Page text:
My research
All material things around
us (and we
ourselves) consist of
molecules. Molecules consist of atoms, atoms consist of electrons and
atomic nuclei. Behavior of all these small parts of materia is
determined by the fundamental laws of quantum mechanics. For
molecular motion at "normal" conditions, even classical
laws of Newtonian mechanics are valid. By knowing these laws, it is
not difficult to predict what would happens with two atoms taken
separately from the rest of the world. This can be done even with the
help of pen and paper, as it was done before the second half of the
20th century. When the number of atoms in the studied system increases,
calculations on a paper become no longer feasible. Here computers
come to help. With modern computers, it is possible to compute the
force acting on each atom in a system of many thousand atoms, and using
the second law of Newton predict the motion of these atoms and thus
behavior of the whole system. In cases when precision of the
classical mechanics is not satisfactory, laws of quantum mechanics
can be used though these laws require more extensive calculations.
Oppositely, for larger molecular systems, some more simplified
description than the atomistic level can be used. Important is that
if computer simulations use only fundamental laws of quantum,
classical and statistical mechanics, they are able to produce very
accurate and detailed information about the studied molecular system,
information which is often impossible or unacceptable expensive to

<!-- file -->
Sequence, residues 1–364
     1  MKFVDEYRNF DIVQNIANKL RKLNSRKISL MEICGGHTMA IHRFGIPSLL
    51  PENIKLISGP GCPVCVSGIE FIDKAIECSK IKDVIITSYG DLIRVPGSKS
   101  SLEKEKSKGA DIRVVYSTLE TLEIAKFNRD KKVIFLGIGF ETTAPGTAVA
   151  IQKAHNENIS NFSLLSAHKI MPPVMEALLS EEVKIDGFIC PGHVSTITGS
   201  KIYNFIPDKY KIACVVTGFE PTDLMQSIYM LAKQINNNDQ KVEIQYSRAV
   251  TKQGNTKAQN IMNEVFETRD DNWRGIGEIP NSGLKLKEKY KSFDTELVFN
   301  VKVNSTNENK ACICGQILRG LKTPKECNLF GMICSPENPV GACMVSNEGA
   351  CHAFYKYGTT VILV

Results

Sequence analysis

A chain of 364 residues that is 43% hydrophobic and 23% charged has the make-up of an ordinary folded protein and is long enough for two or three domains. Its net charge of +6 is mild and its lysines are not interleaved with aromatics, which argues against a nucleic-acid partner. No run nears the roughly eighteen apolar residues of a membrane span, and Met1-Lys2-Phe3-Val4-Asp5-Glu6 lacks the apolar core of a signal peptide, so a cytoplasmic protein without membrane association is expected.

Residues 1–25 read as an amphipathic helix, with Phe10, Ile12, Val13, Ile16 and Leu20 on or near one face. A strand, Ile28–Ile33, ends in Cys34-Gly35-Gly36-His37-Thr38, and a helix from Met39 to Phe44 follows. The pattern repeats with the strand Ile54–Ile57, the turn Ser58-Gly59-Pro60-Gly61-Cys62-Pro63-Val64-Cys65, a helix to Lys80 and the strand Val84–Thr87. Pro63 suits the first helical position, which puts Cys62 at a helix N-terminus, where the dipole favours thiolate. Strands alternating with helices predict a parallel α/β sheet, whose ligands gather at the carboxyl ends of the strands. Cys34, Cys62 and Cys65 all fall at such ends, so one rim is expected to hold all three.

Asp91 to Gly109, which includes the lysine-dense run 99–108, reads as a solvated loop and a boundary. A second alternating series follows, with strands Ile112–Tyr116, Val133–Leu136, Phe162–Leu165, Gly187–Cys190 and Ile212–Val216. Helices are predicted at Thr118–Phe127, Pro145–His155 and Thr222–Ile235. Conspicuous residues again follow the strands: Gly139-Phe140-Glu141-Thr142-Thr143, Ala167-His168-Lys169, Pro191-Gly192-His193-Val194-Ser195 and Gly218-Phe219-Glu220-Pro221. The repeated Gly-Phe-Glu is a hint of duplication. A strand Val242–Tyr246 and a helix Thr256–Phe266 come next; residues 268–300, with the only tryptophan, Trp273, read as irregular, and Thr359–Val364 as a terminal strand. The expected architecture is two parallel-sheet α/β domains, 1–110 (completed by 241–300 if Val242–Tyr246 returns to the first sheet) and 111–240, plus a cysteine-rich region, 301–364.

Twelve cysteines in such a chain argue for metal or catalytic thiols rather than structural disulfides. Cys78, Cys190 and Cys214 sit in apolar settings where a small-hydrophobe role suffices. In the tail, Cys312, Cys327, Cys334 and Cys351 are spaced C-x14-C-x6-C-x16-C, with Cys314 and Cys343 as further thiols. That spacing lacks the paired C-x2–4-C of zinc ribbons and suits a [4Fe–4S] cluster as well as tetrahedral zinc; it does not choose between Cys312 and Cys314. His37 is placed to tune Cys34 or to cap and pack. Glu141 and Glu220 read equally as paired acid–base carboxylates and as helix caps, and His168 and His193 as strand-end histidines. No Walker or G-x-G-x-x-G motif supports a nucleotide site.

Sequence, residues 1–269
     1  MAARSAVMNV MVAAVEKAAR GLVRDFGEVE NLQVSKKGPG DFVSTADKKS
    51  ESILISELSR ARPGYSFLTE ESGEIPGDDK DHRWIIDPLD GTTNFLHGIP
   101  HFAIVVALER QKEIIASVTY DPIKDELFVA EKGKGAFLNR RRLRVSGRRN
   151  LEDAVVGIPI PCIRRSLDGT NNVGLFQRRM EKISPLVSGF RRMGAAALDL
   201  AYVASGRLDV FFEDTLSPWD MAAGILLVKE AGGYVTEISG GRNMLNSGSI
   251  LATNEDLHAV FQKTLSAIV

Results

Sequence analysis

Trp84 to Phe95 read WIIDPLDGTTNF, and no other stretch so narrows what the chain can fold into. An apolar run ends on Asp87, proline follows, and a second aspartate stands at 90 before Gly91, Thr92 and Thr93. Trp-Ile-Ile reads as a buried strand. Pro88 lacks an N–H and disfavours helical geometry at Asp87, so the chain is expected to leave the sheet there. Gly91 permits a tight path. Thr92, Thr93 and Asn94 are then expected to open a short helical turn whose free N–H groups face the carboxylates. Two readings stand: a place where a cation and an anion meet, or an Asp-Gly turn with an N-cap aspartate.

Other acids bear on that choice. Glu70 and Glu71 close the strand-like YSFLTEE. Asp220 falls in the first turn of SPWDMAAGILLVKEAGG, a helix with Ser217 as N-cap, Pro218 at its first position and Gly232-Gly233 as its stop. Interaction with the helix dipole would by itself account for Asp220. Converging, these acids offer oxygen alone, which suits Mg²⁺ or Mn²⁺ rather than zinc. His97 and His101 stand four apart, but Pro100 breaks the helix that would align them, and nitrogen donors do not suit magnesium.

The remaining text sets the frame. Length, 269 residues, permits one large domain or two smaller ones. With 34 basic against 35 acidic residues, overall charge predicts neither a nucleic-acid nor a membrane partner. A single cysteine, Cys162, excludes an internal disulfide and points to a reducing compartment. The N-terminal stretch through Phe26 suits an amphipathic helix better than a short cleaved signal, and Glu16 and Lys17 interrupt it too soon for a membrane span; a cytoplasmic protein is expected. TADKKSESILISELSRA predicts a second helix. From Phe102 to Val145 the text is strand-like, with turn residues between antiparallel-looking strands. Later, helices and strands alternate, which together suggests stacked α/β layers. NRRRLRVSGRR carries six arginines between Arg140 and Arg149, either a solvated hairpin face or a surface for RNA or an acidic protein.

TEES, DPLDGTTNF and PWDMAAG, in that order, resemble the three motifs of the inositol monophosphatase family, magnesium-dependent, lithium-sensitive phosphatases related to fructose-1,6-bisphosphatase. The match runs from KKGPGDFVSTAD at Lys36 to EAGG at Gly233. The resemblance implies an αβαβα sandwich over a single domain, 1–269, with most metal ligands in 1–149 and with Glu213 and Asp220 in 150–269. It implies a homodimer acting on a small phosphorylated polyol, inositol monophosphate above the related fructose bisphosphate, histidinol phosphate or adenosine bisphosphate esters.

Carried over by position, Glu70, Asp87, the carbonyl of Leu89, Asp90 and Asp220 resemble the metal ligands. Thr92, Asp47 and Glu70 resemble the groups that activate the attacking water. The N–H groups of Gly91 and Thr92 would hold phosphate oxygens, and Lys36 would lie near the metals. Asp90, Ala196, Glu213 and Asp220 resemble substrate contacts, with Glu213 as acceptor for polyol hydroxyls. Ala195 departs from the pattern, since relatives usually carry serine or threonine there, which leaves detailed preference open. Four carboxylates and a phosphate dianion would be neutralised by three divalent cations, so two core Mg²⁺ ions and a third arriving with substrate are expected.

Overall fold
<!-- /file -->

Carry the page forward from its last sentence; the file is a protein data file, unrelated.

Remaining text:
extract from an experiment. Also, computer simulations are
indispensable in visualization of molecular motion and in
interpretation of experimental data. It is not surprisingly that the
number of works in the area of computer simulations grows much faster
that the average, and now computer simulations are routinely used
even in the applied research, such as drug design or development of
technological processes.
Because of constantly growing range of applications, further
development of simulation methods, algorithms and software is
necessary to address to appearing demands. This is what my research are
about. 
Methodology 
Applications 

Free energy calculations: Expanded Ensembles Multiscale Modelling: Inverse Monte Carlo Quantum Simulations: Path Integrals Parallel computer algorithms: MDynaMix 

Collaboration, colleagues and coworkers
Pavel VorontsovVelyaminov
Nikolai Korolev
Julia Khalack
CarlJohan Högberg
Nikolai Volkov
Alexei Nikitin